PPL’s (NYSE:PPL) PPL Electric Utilities on May 17 filed with the Pennsylvania Public Utility Commission (PUC) a letter of notification to request approval to re-terminate the existing Montour-Sunbury 230-kV Transmission Line into an upgraded Milton 230-69-kV substation to resolve reliability and planning violations, as well as to maintain reliable electric service to about 13,000 customers in Northumberland County, Pa.
The proposed project is located in Milton Borough, Northumberland County, the company said, noting that it has provided information about the project to those political subdivisions, which have not objected to the project.
Subject to the PUC’s approval, construction is scheduled to begin in September, to support the scheduled in-service date of December, the company said.
Discussing the need for the project, the company said that the Milton substation – which was originally built in 1973, and serves about 13,000 customers in Northumberland County – currently has only one source of supply, the Montour-Sunbury line. That line extends about 22.9 miles between the Montour substation and the Sunbury substation, but near the halfway point, the Montour-Sunbury line is also connected to the Milton substation via a single 300-foot tap line, the company said.
The Montour-Sunbury line currently terminates and is directly connected to three substations – the Montour, Milton, and Sunbury substations – the company said, adding that that configuration does not comply with its design standards for 230-kV lines, which requires 230-kV lines to be interconnected with only two substations.
Currently, there is no interrupting device for the Montour-Sunbury line at the Milton substation, the company said, adding that if the 230-69-kV transformer at the Milton substation were to experience an outage, electrical service would be interrupted for all 13,000 customers currently served by the Milton substation.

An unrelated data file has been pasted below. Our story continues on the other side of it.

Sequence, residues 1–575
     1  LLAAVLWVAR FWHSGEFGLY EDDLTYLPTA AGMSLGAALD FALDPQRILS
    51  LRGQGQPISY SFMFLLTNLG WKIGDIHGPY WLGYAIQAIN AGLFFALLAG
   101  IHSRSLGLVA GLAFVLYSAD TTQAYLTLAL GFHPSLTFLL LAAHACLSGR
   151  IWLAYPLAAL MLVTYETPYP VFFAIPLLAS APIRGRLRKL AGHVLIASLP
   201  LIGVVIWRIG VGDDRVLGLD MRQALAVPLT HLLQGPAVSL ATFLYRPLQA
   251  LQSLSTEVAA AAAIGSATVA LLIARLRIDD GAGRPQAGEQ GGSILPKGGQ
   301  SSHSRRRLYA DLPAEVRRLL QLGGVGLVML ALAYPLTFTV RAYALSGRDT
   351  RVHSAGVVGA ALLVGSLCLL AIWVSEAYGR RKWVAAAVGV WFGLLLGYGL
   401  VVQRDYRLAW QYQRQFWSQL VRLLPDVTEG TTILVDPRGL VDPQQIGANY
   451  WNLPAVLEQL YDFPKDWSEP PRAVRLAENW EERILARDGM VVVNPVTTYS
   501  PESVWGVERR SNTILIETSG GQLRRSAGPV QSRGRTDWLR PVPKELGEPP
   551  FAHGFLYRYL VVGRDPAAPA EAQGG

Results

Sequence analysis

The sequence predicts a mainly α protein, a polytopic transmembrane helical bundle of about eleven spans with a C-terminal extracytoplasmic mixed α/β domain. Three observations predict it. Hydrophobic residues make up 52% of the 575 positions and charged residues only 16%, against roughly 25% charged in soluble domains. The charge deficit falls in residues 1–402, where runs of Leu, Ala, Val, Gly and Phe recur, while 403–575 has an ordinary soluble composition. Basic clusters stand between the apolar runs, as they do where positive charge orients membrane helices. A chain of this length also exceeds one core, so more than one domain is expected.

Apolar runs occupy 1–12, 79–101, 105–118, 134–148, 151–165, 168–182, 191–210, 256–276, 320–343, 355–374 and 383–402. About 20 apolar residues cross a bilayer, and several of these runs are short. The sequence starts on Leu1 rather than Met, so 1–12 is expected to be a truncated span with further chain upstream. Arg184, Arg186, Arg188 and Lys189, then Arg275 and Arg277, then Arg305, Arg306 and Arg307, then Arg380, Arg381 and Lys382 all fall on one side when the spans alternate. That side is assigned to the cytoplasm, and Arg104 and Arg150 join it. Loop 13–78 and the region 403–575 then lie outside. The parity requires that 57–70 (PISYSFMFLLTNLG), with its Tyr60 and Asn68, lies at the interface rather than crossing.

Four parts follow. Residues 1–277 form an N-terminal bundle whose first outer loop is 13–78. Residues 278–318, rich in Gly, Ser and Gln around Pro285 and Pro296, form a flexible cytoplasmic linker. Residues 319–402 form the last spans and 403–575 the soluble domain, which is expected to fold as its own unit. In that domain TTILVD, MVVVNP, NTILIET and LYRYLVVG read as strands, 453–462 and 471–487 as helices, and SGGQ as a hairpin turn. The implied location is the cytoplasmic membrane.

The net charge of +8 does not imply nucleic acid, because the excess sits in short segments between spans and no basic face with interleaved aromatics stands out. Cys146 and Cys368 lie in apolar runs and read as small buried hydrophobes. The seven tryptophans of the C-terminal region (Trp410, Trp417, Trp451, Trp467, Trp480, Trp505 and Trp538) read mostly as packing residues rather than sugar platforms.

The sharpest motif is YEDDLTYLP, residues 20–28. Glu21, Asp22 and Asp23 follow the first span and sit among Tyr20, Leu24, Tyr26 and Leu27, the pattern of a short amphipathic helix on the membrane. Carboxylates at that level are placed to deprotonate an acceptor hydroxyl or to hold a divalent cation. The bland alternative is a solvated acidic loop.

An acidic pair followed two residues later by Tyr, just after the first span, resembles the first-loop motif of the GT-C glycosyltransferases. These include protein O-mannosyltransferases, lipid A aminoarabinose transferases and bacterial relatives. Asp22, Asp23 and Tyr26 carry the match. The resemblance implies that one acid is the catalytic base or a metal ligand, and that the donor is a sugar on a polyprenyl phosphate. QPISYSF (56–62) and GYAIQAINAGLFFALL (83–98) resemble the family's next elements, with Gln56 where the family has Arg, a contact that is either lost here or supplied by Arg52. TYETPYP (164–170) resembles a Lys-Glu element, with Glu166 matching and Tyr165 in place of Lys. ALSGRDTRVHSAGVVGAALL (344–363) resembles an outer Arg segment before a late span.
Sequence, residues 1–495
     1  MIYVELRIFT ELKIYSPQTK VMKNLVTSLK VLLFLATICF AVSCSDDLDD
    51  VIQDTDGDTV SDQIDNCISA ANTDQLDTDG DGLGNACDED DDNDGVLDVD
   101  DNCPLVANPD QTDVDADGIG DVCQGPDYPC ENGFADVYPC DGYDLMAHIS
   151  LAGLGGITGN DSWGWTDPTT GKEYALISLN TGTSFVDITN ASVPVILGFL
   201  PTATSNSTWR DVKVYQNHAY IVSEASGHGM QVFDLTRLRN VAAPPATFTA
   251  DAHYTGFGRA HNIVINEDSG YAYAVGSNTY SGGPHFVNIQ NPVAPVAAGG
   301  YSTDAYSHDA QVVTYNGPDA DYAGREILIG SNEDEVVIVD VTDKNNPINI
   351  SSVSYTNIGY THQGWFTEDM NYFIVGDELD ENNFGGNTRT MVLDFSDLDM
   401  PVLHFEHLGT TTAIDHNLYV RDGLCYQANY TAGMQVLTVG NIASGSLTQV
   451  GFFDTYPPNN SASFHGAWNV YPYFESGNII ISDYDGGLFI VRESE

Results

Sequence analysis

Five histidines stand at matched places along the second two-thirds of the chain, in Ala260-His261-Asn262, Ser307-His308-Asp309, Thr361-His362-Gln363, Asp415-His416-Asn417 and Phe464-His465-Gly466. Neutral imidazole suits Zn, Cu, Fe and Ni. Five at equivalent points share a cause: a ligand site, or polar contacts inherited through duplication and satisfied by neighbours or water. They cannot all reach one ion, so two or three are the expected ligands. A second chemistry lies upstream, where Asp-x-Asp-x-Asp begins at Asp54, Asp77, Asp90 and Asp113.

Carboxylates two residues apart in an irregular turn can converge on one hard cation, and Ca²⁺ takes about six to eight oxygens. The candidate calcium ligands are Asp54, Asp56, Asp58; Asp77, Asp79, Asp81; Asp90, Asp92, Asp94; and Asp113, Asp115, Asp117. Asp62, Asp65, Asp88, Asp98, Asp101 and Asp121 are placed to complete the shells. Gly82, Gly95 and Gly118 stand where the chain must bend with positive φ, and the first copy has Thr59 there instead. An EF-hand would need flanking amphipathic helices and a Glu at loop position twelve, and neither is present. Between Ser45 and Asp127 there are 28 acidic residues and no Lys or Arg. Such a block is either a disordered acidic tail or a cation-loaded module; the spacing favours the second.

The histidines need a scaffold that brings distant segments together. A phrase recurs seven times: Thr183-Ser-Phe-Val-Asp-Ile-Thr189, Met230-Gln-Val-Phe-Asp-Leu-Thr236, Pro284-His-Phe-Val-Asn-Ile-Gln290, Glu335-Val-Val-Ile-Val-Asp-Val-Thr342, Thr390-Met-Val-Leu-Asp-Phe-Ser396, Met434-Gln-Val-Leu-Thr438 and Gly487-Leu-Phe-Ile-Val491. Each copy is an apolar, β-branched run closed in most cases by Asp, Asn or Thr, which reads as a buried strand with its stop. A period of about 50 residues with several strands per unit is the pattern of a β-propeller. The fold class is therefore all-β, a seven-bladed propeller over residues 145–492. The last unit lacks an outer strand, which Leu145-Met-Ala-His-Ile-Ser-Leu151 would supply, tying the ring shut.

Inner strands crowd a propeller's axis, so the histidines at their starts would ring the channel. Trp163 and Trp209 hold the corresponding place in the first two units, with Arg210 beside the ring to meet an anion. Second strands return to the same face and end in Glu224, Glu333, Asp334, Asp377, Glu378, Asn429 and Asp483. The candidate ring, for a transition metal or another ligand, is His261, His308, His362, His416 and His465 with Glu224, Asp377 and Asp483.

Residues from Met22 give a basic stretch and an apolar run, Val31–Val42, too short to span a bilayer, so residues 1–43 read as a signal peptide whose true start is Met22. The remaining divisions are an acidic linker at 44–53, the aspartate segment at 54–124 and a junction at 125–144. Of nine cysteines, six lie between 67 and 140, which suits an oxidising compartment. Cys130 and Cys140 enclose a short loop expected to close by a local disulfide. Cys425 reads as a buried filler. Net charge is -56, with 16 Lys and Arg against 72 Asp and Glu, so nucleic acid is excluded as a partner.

The company also said that the Montour-Sunbury 230-kV and Sunbury-Milton 69-kV lines occupy common double-circuit structures with the Montour-Sunbury line on one side of the tower structure and the Sunbury-Milton line on the other side. A single tower failure at one of those double-circuit structures would cause a voltage violation on the 69-kV bus at the Milton substation, which would result in all 13,000 customers served from the Milton substation to experience low voltage, the company said. That contingency event would cause the Danville-Milton 69-kV Transmission Line to become loaded to 102% of the emergency rating, the company noted.
To resolve the reliability concerns and violations, the company said that it proposes to upgrade the Milton substation to a standard configuration, which would include the installation of an interruption device, and re-terminate the Montour-Sunbury line into the upgraded Milton substation. To connect the Montour-Sunbury line with the upgraded Milton substation, the existing 300-foot, 230-kV single tap line between the 230-kV transmission corridor and the Milton substation would be removed, the company said.
The Montour-Sunbury line would be split near the Milton substation, creating the Montour-Milton 230-kV Transmission Line and the Milton-Sunbury 230-kV Transmission Line, the company said.
The Montour-Milton line would be interconnected with the upgraded Milton substation by construction of a new approximately 300-foot, 230-kV tap line, the company said, adding that about 450 feet of the existing conductor along the first span of the Montour-Milton line would be reconductored.
The Milton-Sunbury line would be interconnected with the upgraded Milton substation by construction of a new approximately 300-foot, 230-kV tap line, the company said, noting that about 450 feet of the existing conductor along the first span of the Milton-Sunbury line would be reconductored.